How To Opt-Out Of Amazon’s Human Review For Alexa Voice Recordings In Wake Of Siri Controversy
Amazon is getting ahead of the game with its Alexa-powered line of smart speakers and devices. The company has announced that it will allow users to opt-out of having a human review users’ voice recordings. The move comes after recent complaints of violations of privacy with contractors listening to some recordings made by devices powered by digital assistants.
Amazon's new policy went into effect on Friday, and it adds a setting in the menu of the Alexa smartphone app that allows the user to remove their voice recordings from a pool that could potentially be reviewed by Amazon employees and contractors. Amazon isn't first to do this, Google has offered a way to prevent voice recordings from being heard in an effort to improve the service. More recently, Apple has been in hot water after a whistleblower stepped up and said that contractors were listening to Siri recordings and that some of those recordings were of illegal actions, medical conversations with care providers, and people having sex.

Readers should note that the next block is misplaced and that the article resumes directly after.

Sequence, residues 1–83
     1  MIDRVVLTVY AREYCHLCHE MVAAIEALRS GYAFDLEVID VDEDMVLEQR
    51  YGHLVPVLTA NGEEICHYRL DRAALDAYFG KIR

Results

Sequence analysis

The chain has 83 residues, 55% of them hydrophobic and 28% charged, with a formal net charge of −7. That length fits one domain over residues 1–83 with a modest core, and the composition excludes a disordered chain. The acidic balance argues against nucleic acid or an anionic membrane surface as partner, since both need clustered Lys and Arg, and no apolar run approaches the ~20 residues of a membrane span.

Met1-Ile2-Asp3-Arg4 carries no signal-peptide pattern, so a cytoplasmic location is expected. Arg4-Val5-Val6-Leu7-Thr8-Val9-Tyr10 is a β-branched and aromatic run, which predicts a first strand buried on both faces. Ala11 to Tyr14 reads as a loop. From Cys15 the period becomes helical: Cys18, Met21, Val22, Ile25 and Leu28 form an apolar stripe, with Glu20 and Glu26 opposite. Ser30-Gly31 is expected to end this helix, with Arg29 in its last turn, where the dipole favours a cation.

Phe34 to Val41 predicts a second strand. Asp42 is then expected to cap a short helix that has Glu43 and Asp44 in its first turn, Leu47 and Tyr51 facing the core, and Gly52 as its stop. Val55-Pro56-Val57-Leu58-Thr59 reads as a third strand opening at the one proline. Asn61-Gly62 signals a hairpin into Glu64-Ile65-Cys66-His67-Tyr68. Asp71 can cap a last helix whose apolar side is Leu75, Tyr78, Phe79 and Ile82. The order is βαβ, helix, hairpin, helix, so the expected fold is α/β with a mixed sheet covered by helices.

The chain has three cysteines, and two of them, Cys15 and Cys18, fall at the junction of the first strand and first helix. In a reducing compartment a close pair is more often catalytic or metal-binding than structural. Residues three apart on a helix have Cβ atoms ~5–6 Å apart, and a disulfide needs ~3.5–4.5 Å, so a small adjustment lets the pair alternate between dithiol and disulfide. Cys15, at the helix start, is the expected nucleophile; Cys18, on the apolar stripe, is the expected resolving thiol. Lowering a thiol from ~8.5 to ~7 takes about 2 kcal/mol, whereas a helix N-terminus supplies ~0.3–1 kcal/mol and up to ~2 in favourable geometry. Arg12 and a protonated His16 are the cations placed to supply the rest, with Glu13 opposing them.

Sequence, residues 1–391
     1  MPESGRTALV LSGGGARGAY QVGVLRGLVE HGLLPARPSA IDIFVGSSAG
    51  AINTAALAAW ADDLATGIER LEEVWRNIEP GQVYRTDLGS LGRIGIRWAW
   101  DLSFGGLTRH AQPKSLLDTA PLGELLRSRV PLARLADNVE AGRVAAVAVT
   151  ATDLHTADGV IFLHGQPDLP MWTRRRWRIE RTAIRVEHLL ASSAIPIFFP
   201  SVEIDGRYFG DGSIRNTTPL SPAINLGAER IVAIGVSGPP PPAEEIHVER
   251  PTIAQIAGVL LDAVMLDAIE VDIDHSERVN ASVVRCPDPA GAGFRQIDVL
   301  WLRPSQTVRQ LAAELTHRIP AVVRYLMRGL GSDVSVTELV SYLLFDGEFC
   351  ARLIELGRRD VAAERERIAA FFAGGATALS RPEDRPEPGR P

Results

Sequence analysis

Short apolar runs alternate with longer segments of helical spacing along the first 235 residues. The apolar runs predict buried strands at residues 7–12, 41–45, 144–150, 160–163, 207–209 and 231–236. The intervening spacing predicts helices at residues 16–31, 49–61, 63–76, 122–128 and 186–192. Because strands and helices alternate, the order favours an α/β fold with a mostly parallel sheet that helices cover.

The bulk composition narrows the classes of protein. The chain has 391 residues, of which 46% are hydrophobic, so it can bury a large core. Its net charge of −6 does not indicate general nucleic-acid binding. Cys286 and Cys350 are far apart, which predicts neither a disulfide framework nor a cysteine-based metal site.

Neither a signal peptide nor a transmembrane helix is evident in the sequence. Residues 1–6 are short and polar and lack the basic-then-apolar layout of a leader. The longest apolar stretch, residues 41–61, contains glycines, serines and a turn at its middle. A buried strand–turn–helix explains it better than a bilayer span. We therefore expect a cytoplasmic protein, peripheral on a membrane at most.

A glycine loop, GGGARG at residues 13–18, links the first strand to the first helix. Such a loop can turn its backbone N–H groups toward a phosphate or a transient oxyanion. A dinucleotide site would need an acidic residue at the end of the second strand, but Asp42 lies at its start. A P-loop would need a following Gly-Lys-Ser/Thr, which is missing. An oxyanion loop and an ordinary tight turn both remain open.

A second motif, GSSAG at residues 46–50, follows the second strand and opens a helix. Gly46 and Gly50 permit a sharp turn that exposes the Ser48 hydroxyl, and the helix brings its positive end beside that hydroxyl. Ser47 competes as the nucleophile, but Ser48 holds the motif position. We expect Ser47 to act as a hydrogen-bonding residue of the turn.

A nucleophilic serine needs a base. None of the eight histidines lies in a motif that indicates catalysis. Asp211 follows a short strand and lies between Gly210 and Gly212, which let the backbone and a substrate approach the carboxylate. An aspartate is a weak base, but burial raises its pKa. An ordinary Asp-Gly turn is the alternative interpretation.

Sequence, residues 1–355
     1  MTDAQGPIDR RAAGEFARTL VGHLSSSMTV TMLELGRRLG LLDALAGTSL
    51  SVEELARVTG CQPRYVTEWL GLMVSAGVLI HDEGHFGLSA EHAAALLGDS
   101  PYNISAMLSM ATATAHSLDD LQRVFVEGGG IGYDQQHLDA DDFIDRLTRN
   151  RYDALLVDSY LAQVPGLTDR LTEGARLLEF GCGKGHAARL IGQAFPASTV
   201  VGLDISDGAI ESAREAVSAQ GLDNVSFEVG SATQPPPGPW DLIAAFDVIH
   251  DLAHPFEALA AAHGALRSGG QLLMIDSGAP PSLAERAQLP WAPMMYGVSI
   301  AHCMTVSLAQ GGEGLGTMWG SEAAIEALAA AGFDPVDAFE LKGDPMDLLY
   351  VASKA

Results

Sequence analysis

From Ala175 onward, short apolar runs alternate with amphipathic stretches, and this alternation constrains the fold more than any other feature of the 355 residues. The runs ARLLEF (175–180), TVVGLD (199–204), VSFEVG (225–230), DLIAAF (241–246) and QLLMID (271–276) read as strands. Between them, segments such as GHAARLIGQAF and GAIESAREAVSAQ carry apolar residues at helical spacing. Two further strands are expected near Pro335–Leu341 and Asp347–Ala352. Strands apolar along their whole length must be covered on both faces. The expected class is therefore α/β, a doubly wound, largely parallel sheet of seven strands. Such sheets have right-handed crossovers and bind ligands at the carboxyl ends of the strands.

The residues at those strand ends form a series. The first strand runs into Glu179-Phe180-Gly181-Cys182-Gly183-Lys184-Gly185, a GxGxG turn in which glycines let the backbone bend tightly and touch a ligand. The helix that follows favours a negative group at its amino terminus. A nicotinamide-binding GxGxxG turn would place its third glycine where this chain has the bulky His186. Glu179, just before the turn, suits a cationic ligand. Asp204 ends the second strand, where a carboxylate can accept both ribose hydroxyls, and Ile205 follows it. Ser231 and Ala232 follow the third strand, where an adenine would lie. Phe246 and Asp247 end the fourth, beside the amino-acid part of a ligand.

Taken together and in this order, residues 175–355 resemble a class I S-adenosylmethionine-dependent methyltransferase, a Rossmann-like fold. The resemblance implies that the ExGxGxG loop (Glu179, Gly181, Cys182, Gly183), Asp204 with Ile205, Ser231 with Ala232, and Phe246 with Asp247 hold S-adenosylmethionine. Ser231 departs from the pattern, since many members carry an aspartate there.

Apple announced this week that it would put Siri "grading" on hold while it is looking into privacy issues. It was no secret that Amazon workers were listening in on some conversations recorded by Alexa devices. Reports in April alleged that Amazon had a team of thousands of workers who were listening in on conversations to make the digital assistant better.
An Amazon spokesperson has said in a statement that the company takes privacy seriously. The spokesperson also stated that the company would be updating the information given to users of Alexa devices to make its practices more clear. Users of Alexa devices with the updated app can find the new disclaimers and control privacy settings via Settings - Alexa Privacy - and "Manage How Your Data Improves Alexa."
The verbiage there states, "With this setting on, your voice recordings may be used to develop new features and manually reviewed to help improve our services. Only an extremely small fraction of voice recordings are manually reviewed."